A twelve-day in vitro sensitization assay, which is more sensitive than ELISPOT or tetramer assays, was used to assess immunologic reactivity in all eleven patients with PBMC available for testing. (Rosenberg, S. A. et al., Nat. Med. 1998; 4:321-327). Cryopreserved PBMC were thawed and cultured in complete Iscove's-based media with 10% heat-inactivated human AB serum with 1 μM of native gp100:209-217 or gp100:280-288 peptide and 300 IU/ml IL-2. Cells were harvested 11 to 13 days after initiation of the culture and co-incubated with tumor cells or peptide-pulsed T2 cells overnight. Interferon-γ, (IFN-γ) release in the supernatant was measured using commercial ELISA assays (Pierce-Endogen, Rockford, Ill.). All eleven patients exhibited successful immunization against the native gp 100:209-217 peptide after one to four treatment cycles. Six patients were successfully immunized against the native gp100:280288 peptide.
Flow cytometry analyses were performed after Fe-receptor blocking and staining with antibodies (BD Biosciences, San Diego, Calif.) or tetramers (Beckman Coulter Immunomics, San Diego, Calif.). Surface marker expression on PBMC of nine patients before and after two cycles of treatment was compared. HLA-DR (an activation marker) expression was significantly increased on post-therapy CD3+ CD4+ cells (P=0.0004; paired t-test) and CD3+ CD4+ (presumably CD8+) cells (P=0.04). CD3+ CD4+ cells also showed significantly increased expression of CD45RO (a memory cell marker) post-therapy (P=0.04). The percent of cell populations expressing CD69, CD25 and CTLA-4 did not change.
Patients 1, 11 and 13 were responders. (Table 15) Patient 1 had shrinkage of a solitary lung lesion after two treatment cycles. Patient 13 had shrinkage of a solitary lung lesion and complete resolution of a subcutaneous lesion after two treatment cycles. Patient 11 had 31 lung lesions, two subcutaneous lesions and one brain lesion. The brain lesion grew from 0.5 cm to approximately 1.0 cm after two treatment cycles. Following three additional treatment cycles, Patient 11 had complete resolution of all lesions, including the brain lesion.
Patient 3 had a mixed response in which several lung lesions resolved after four treatment cycles but mediastinal lymph nodes enlarged. Patient 10 had significant shrinkage of a hilar lesion and several other lung lesions after two treatment cycles, but other lung lesions enlarged.
Grade I/II adverse events included diarrhea (Patients 3, 5 and 14), skin rash (Patient 14), pulmonary infiltrates and mild pleuritic chest pain (Patient 4) and vitiligo (Patients 2 and 6).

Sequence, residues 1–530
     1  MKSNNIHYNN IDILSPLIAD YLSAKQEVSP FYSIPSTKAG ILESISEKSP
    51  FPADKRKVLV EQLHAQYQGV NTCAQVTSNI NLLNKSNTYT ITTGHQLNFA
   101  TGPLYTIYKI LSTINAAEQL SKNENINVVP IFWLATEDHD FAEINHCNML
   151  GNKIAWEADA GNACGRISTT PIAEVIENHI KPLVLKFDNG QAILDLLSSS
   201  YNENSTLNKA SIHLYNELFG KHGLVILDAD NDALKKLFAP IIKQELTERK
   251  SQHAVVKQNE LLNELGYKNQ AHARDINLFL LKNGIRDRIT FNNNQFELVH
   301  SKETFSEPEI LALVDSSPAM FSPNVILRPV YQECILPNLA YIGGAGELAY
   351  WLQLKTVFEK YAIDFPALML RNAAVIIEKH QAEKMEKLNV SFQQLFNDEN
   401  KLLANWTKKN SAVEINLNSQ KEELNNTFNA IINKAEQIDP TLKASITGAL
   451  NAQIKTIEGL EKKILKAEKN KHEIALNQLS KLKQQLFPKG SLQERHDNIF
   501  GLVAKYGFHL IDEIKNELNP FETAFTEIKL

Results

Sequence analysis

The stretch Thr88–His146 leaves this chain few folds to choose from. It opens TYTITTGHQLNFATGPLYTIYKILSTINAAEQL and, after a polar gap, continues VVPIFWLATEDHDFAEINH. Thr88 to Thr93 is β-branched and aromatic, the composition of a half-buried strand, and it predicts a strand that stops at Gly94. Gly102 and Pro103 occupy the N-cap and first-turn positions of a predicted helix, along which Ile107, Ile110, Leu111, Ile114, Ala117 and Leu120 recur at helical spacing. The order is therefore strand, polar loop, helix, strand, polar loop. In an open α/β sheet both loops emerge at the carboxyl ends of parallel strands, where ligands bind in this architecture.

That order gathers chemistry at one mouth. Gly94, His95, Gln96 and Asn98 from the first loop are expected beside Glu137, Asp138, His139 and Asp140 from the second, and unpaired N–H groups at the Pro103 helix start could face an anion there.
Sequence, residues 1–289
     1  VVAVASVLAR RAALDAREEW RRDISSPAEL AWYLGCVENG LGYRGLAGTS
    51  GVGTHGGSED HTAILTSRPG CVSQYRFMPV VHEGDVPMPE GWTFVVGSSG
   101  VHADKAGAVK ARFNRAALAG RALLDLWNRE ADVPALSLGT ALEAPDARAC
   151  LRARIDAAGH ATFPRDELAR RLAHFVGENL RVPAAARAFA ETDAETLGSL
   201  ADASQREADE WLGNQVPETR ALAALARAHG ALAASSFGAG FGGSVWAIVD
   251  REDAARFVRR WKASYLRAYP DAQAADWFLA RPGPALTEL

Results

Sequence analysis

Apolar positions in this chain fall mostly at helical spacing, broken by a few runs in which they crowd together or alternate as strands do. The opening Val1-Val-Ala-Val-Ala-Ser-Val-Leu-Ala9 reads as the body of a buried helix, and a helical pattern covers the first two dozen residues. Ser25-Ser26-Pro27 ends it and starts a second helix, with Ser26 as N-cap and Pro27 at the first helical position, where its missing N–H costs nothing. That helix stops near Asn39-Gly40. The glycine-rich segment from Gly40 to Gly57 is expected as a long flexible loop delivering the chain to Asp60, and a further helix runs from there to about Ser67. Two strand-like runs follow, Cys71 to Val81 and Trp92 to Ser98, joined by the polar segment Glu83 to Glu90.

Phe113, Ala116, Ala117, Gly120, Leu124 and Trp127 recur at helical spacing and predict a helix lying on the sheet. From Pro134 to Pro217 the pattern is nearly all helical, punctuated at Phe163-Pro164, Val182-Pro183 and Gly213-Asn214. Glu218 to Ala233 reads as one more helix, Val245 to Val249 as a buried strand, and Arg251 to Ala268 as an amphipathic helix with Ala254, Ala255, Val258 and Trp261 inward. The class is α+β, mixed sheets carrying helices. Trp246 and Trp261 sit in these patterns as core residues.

Six patients developed seven Grade III/IV adverse events including dermatitis (Patients 1, 2 and 13), colitis/entercolitis (Patients 1 and 9), hypophysitis (inflammation of the pituitary gland) (Patient 11), and hepatitis (Patient 12). All patients recovered following discontinuation of treatment and the administration of supportive care and/or steroid therapy. There were no relapses or subsequent autoimmune events.
Autoimmune screening blood tests were normal except for Patients 5 and 12 who developed anti-nuclear Ab.
This study demonstrated objective evidence of metastatic melanoma tumor regression in patients receiving anti-CTLA-4 antibody 10D1 in conjunction with two peptide vaccines.
MDXCTLA4-01 was an open-label study of anti-cytotoxic T-lymphocyte-associated antigen-4 (anti-CTLA-4) monoclonal antibody 10D1 (MAb10D1) in patients with progressive, metastatic, hormone-refractory prostate cancer. Treatment was a single dose of MAb 10D1 that was administered intravenously, as an infusion, at a dosage of 3.0 mg/kg.
Patients with histologic diagnosis of primary adenocarcinoma of the prostate, and progressive metastatic carcinoma of the prostate after androgen deprivation and at least one systemic non-hormonal manipulation, were screened for participation in this study. Enrollment criteria were: progressive measurable disease, progressive PSA, PSA>5 ng/ml, testosterone<50 ng/dl, primary gonadal androgen suppression, life expectancy>12 weeks, and Kamofsky Performance Status≧60%.
Because of the importance of monitoring the immune status of patients in the trial and the specific goal of monitoring generalized effects on T cell activation by anti-CTLA-4 antibody, the entry criteria in this study included minimum levels of CD4 and CD8 T cells of ≧500/ml and ≧500/ml respectively. However, it was observed during the initial accrual in the study that prostate cancer patients have significantly reduced T cell numbers although CD4 and CD8 T cells are clearly present. Many patients were initially rejected based on the above entry criteria. The apparent reduced T cell counts observed is a previously undocumented observation in prostate cancer patients that may have relevance in treatments involving cancer vaccination in these patients. Subsequent to these observations, the entry criteria were amended to include patients having CD4 and CD8 count of ˜300/ml and ˜200/ml respectively.
Subjects underwent physical examination, ECG, chest radiography, diagnostic imaging, and blood sampling for hematological, biochemical, and immune function assessments. Monthly telephone interviews were used until six months after treatment to collect and record information on a subset of adverse events, including autoimmune adverse events after disease progression. PSA (decline, duration of decline, progression, time to progression) and disease response (complete, partial, stable, progressive) were monitored. Plasma concentrations of MAb 10D1 were being assessed immediately prior to, during, and up to two months after, infusion.